Planning for the succession of a family business can be time-consuming and difficult, especially when issues of family dynamics come into play. Just making the decision to turn the business over to the next generation, rather than selling it to a third party, can be agonizing. Once that decision has been made, selecting members of the next generation to run the business takes a fair amount of time and planning.
Once developed, family business succession plans should be monitored and revisited over the years as the business and family dynamics change. It is important to understand that succession planning for a family business takes time, and careful consideration can help avoid conflict within the family, says Stephen C. Zivitz, a partner in the business department and chair of the Tax, Pensions and Estates Practice Group at White and Williams LLP. “There is an old saying that succession planning is a journey, not a destination,” he says. “It must constantly be re-evaluated as the family and business dynamics change.”
Smart Business spoke with Zivitz about the importance of succession planning for a family business and how the issues differ from nonfamily businesses.
How common is it for owners of family businesses to neglect succession planning?
I don’t see a lot of neglect, but I do see recognition that the decisions are difficult and time-consuming. There are basically three clusters of problems for family business owners to consider: whether to sell the family business to maximize value; who in the next generation will be selected to run the business if it is retained; and how to compensate family members who are not participating in the business. Each of these decisions can be difficult and can take some time for the business owners to think through.
How does succession planning differ between a family-owned business and other types of businesses?
In a nonfamily-owned business, decisions are generally made based purely on economics. In a family business, owners often make accommodations for the benefit of family members and do not necessarily try to maximize shareholder value. Additionally, family business owners need to consider the complexities and planning implications of death taxes as well as compensation for family members who are not active participants in the business.
When should owners of a family business begin succession planning?
As soon as possible particularly if there are multiple owners in the current generation. In that situation, a buy-sell agreement is a must. It is important to remember that succession plans will often change over time. It is ultimately a result, but it is as much a constant re-evaluation and analysis as it is a target.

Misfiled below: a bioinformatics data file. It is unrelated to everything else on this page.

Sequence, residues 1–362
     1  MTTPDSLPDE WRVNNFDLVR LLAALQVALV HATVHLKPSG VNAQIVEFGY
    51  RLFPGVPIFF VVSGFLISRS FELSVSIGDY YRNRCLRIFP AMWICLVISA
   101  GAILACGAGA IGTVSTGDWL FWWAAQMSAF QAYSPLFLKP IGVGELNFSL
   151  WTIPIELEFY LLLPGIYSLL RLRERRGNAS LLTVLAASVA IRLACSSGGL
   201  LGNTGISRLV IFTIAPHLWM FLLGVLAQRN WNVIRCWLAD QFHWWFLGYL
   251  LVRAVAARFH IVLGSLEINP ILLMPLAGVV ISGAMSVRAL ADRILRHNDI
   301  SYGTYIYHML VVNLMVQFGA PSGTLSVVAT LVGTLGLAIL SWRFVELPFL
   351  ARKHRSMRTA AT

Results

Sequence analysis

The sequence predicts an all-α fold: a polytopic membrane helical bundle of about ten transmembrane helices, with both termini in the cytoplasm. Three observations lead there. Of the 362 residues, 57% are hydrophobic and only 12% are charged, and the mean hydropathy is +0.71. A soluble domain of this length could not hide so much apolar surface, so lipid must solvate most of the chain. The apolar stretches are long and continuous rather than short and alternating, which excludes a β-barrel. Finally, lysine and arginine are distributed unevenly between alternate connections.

Succession plans need to be periodically reviewed and adjusted to meet any changes in the business and family dynamics. Members of the next generation who are under consideration to run the business in the future should be given as much time as possible on the job to learn and perfect the necessary skills.
How can owners of a family business objectively plan for succession?
This can be one of the greatest challenges facing a family-owned business. It is probably not possible to remain completely objective when it comes to succession planning, particularly when there are multiple business owners from the current generation, each with their own family members who may or may not be under consideration to take over the business.
In my view, it is not critical that individuals in the next generation who are in contention to be the owners are the best persons available. However, they must be capable, interested in running the business, and ideally the best among multiple competing family members.
How do family dynamics affect succession planning for a family-owned business?
Most of the problems that I see fall into two basic clusters of issues.
First, there is a perceived need to be fair to all members of the family, particularly those who are not involved in the business. However, fairness is often difficult to achieve due to differing perspectives. As a practical matter, those not involved in the business may have to receive less in order for the business to remain in the family and survive.
Second, family relationships and perceptions may have to be overridden when designing a success plan. For example, it may be natural to assume that the oldest child will be tapped to take over the business; but a younger sibling, or even a sibling’s spouse, may be more capable and/or more interested in doing so.
STEPHEN C. ZIVITZ is a partner in the Business Department and chair of the Tax, Pensions and Estates Practice Group at White and Williams LLP. Reach him at (215) 864-6240 or firstname.lastname@example.org.